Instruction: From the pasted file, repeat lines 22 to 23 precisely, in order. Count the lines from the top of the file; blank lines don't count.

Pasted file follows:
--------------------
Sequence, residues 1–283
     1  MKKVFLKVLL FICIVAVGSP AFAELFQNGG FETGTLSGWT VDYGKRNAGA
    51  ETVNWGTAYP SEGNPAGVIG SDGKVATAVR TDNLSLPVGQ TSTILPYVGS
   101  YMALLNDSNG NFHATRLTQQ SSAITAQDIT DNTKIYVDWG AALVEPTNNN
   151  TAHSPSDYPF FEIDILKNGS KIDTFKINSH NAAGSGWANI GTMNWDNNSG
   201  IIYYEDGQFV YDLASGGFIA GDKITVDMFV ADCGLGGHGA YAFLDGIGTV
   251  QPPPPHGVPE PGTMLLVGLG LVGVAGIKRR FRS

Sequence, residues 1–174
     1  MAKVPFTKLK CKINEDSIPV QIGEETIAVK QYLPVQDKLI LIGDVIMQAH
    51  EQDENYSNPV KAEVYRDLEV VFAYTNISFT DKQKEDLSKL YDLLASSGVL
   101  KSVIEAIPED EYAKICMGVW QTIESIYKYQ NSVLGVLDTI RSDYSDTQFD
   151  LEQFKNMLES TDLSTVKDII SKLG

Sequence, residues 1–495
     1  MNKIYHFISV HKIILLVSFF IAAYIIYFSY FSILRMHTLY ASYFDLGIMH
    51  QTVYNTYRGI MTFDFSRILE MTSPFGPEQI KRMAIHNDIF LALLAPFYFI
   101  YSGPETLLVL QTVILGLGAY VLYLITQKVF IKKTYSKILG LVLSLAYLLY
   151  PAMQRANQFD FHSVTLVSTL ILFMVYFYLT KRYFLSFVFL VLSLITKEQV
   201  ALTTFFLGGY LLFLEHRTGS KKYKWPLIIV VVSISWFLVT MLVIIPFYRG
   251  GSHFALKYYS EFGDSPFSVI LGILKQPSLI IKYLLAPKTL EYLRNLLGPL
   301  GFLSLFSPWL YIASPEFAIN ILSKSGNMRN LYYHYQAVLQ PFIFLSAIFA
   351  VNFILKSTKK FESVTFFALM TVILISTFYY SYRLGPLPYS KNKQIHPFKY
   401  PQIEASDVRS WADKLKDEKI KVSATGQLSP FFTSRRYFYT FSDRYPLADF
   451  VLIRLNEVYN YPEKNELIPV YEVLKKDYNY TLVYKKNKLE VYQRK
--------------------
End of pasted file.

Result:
   401  PQIEASDVRS WADKLKDEKI KVSATGQLSP FFTSRRYFYT FSDRYPLADF
   451  VLIRLNEVYN YPEKNELIPV YEVLKKDYNY TLVYKKNKLE VYQRK